• justifying the existing system (in the name of birthright or racial superiority in case of slavery, in the name of God in case of feudalism, and in the name of liberal values/individual rights in the case of capitalism.)
  • splitting the lower class into factions, e.g., along the racial/national lines, religion, party membership, by granting privileged status to parts of the classes (like creation of higher-earning middle class or intelligensia), etc.
  • by redistribution of wealth, in order to calm discontent - as is done in modern social democracies. E.g., the modern western population can be seen as labor aristocracy enjoying a much higher level of life and income than the proletariat in the wealth-producing countries (mainly in Asian and Africa.)
  • by encouraging political participation, via the notion that the improvement in the class conditions can be achieved by peaceful means, without reforming the system and destroying the existing classes.

Marxists claim that the full resolution of the class conflict is possible only via full destruction of the social and economic order, i.e., the class system. The opposition of the ruling class means that such a confrontation is necessarily bound to be violent (aka revolution.)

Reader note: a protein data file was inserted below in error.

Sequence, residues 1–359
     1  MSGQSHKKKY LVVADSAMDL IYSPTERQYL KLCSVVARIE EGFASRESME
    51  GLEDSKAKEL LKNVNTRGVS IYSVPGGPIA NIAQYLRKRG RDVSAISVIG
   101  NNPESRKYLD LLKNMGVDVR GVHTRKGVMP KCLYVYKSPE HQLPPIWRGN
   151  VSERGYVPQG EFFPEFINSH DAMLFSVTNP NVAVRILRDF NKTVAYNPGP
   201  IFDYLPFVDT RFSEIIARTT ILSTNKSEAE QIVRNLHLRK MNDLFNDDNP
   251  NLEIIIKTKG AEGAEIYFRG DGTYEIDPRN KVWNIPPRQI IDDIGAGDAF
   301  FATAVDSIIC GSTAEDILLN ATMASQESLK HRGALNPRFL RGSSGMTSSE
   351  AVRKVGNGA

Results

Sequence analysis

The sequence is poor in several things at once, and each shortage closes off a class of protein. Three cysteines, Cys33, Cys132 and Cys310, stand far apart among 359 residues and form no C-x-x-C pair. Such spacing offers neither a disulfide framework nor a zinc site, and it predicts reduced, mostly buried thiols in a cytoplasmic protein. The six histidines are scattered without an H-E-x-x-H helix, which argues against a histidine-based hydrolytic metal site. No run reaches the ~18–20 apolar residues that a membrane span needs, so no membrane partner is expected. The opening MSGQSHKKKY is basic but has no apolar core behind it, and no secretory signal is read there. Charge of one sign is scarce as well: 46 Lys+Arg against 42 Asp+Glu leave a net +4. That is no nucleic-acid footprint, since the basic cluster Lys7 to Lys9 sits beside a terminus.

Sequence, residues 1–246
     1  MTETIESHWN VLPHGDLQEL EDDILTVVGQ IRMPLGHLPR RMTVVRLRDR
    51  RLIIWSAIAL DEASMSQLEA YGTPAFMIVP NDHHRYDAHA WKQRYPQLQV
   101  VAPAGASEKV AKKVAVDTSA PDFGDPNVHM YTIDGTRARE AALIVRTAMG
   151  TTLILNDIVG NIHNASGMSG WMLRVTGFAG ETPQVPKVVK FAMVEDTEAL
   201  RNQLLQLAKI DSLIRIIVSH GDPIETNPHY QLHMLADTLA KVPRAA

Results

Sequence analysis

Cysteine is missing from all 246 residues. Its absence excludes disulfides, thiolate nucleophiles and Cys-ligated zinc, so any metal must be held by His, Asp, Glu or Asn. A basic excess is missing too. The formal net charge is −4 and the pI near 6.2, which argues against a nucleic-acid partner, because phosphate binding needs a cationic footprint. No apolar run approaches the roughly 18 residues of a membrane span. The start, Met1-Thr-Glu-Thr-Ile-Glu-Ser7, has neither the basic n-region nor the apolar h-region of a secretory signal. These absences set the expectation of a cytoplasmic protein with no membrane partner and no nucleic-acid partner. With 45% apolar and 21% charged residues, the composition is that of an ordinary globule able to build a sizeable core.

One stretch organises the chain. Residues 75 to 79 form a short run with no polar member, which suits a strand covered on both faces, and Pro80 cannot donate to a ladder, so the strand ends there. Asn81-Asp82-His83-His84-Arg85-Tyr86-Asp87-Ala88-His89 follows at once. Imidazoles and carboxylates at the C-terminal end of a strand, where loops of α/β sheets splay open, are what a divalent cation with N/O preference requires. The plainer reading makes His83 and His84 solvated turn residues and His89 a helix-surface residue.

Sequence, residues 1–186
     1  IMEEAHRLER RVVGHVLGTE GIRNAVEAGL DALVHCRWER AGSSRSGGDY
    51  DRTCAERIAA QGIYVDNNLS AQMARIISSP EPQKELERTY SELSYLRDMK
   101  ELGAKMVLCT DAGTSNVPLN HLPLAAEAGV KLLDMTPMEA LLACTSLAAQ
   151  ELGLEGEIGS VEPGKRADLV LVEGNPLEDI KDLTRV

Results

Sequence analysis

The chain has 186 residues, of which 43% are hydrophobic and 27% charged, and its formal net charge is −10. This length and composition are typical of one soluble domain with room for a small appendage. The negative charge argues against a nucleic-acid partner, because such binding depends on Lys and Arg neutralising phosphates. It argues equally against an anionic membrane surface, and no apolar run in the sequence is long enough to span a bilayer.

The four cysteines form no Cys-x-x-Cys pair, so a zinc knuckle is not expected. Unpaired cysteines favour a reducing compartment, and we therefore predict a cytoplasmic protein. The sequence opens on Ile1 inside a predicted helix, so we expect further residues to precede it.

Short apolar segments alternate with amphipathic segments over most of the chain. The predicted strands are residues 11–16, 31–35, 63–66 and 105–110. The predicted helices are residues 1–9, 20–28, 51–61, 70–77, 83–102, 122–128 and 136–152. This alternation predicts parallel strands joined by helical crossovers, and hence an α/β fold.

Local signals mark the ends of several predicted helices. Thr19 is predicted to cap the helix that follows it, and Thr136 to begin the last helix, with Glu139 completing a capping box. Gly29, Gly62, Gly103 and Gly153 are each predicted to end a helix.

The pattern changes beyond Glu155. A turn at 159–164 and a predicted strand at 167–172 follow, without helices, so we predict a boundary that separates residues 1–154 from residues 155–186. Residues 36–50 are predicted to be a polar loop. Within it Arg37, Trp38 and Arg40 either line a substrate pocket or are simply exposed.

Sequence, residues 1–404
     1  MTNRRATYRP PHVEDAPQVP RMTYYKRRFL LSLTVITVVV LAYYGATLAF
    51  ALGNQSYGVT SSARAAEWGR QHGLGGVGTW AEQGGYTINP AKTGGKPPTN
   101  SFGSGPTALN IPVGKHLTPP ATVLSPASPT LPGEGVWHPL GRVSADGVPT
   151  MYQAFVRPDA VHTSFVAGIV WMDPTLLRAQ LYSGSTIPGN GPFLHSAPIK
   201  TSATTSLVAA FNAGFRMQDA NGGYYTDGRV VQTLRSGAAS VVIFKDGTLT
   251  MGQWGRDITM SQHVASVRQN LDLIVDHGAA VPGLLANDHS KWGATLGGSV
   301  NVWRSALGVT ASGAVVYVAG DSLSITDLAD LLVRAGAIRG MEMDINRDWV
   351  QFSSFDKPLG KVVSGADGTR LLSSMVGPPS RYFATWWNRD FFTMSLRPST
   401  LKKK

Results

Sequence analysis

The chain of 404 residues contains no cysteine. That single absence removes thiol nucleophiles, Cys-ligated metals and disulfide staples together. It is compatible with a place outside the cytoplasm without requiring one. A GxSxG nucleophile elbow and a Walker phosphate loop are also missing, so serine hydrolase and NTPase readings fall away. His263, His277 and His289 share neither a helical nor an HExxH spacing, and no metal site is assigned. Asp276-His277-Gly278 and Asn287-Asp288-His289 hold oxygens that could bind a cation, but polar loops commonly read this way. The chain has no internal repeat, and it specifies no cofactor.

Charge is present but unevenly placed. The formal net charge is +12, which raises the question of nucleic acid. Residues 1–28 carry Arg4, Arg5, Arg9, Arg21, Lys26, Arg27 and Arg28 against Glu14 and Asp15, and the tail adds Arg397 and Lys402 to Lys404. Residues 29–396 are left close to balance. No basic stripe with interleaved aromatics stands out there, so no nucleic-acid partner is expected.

The new class
Achieving the common ownership of the means of production and the fruits of labor turns out to be problematic - classical Marxism supposes to achieve this via nationalization of the principle means of production, which are supposed to be run by the strong central authority (state/government), formed of people specifically trained in the principles of communism (the party). These people also control the distribution of the fruits of labor, i.e., decide who needs/merits more of those. In practice this results in a formation of a new class, as it happened in all the states that attempted to implement the Marxist principles. See, e.g., The New Class: An Analysis of the Communist System by Milovan Djilas (also New class in Wikipedia.)

Alternative theories
Note that the above theory of social evolution via class struggle is specifically Marxist invention. The alternatives include: